8 comments

  1. Demonbeck says:

    “Open Thread”

    Does this mean that we are allowed to see other threads and it won’t be considered cheating? I never knew Peach Pundit was a swinger blog.

  2. The Busdriver says:

    Erick, if you’re headed to the White House, please make sure you say hello to Debbie’s and Karla Stuckey’s “insiders.”

  3. Demonbeck says:

    Dorothy Pelote says to check in the northwest corner of reflection pool for Chandra Levy’s body.

  4. Jack S says:

    Erick while you’re up there stop in at the hq of ralph’s pollster that he paid 30k to. Ask him if he or ralphie can produce a poll they’ve done that refutes cagle’s poll. I bet you get shown the door by security.

  5. jackson says:

    They paid $30K to their pollster? Where was Debbie when this happened? Since that guy Jared said in the paper they dont even listen to thier own polls, why the heck do they pay that much money to do them? And they say Casey Cagle is wasting his money on internet ads….

  6. 4ofspades says:

    Since this is an open thread. This comes from Insider Advantage:

    National Voter ID Proposal Could Put New Twist On Georgia Debate
    (Update at 3:40 p.m. adds Isakson, Chambliss supporting McConnell amendment. Add Carter-Baker commission recommendation. New material highlighted.)

    (5/24/06) A proposal to require photo IDs nationwide for voting in federal elections was briefly in play Wednesday as the U.S. Senate continued work on its version of the national immigration bill, and strategists in Georgia were watching it closely for signs of possible implications in the continuing debate over photo IDs in Georgia.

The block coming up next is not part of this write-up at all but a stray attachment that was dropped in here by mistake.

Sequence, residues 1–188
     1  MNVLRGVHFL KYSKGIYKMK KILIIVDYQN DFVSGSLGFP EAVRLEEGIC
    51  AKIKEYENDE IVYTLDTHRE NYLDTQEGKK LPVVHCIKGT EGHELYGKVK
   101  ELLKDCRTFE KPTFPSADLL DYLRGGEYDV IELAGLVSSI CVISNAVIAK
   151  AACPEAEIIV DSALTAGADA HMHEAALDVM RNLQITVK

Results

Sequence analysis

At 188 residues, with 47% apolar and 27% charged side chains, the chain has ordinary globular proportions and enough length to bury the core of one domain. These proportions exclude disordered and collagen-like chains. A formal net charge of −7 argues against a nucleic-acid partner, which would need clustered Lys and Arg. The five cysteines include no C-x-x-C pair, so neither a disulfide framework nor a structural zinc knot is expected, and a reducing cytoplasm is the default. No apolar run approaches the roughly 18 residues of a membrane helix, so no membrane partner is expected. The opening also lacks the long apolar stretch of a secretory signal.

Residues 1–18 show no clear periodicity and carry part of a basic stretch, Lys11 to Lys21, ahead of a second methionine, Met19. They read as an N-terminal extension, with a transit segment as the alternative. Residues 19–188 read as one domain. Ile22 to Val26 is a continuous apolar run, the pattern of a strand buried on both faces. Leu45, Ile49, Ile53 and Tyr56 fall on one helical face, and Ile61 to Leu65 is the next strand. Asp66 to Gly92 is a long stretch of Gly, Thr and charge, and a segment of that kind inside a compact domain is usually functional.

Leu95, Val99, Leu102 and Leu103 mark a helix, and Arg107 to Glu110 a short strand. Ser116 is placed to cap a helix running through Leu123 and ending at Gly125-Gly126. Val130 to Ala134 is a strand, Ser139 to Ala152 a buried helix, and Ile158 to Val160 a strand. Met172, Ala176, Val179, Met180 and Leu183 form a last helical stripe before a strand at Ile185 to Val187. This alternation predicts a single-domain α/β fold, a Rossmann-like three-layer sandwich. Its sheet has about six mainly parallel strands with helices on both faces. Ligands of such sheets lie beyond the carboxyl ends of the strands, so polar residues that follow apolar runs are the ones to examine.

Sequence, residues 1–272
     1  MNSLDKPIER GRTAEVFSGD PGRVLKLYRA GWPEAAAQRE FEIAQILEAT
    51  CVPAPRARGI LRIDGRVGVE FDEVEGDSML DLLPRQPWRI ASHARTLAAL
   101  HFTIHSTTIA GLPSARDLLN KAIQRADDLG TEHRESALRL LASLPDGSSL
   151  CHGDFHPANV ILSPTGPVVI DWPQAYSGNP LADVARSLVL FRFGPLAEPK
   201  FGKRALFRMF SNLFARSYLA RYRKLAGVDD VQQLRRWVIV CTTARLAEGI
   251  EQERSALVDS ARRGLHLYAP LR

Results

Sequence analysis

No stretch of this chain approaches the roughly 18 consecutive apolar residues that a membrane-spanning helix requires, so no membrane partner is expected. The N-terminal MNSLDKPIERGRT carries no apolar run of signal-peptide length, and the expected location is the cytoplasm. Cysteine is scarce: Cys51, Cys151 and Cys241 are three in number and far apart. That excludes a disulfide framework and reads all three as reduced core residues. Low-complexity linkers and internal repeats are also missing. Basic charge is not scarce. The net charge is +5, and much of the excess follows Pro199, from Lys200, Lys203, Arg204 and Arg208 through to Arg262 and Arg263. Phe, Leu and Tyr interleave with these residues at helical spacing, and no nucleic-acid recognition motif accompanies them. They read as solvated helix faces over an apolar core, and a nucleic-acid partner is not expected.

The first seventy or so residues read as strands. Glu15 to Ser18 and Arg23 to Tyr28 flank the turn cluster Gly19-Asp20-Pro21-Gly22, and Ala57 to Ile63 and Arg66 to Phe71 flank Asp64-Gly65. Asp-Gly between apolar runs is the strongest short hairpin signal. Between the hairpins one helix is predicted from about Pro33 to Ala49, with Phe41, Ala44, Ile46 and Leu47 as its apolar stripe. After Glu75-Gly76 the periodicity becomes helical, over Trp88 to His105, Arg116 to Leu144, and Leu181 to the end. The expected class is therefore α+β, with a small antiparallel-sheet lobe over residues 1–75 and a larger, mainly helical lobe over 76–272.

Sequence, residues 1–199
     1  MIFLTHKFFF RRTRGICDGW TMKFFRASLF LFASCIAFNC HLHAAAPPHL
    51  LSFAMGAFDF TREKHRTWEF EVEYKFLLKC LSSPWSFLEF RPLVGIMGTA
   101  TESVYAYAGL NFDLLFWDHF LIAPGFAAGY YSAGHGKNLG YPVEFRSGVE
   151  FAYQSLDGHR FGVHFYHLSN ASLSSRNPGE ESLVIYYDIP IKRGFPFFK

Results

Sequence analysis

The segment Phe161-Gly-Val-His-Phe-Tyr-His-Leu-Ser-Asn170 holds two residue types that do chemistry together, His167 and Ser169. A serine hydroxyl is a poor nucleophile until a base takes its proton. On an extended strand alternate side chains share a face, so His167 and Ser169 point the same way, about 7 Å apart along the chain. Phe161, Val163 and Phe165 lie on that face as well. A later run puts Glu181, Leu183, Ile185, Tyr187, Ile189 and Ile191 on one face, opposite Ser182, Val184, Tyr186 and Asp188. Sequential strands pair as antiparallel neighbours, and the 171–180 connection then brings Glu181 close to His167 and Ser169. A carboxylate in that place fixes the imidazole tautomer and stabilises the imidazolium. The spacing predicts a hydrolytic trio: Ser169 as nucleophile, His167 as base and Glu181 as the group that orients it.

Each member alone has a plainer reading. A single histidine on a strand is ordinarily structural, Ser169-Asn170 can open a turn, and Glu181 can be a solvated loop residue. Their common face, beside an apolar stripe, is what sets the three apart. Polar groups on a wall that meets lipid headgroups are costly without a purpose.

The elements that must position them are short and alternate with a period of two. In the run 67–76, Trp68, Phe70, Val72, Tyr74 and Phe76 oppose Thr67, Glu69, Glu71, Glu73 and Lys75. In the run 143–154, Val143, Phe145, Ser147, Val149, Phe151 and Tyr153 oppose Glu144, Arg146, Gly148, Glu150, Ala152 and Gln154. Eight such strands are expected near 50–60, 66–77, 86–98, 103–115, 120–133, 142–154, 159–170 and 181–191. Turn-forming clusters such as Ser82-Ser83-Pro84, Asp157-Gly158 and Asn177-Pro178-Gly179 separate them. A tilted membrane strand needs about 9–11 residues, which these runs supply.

But while the proposed amendment by Republican Sen. Mitch McConnell of Kentucky survived a motion to table on a 49-48 vote, it was left in limbo by rules that took effect when the Senate voted later to limit debate on the main bill. (Georgia Sens. Johnny Isakson and Saxby Chambliss supported the McConnell amendment and voted against tabling it.)

    The GOP-led Georgia Legislature passed a photo ID law for voters in 2005 over fierce opposition from Democratic lawmakers and civil rights activists, some of whom challenged it in court. It was put on hold last year when a federal judge compared it to an unconstitutional poll tax, but lawmakers re-enacted the law in this year’s session and it has been pre-cleared by the U.S. Department of Justice to take effect with the upcoming elections.

    Election workers in every county currently are preparing to issue free photo ID cards to those who lack them, although critics contend the state still is not doing enough to make them available to the elderly and to those who lack transportation.

    Had the amendment prevailed in Washington, some Republican strategists believed it held the potential for shifting the focus of the debate in Georgia from the impact of photo IDs on the poor and the elderly, as Democrats had couched it, to whether it serves a national purpose of preventing illegals from voting.

    The upshot, they argued, would be to place Democrats – and especially their candidates for governor – potentially on the wrong side of the immigration debate.

    (Democrat Cathy Cox, currently the Secretary of State, opposed the Georgia bill vigorously last year, saying on one occasion: “If this bill passed, we would have the most restrictive identification requirements for voting over any other state in the union.” Democrat Mark Taylor, currently the lieutenant governor, said Wednesday through campaign spokesman Rick Dent: “Mark taylor believes we need to encourage voting by knocking down barriers, not putting new ones up.”

    But the debate in Washington was inconclusive, and sounded a lot like the debate in Atlanta just last year.

    McConnell, arguing for his amendment, said: “It is nonsense to suggest that somehow a photo ID for one of our most sacred rights should not be protected by a requirement that is increasingly routine in almost all daily activities in America today.

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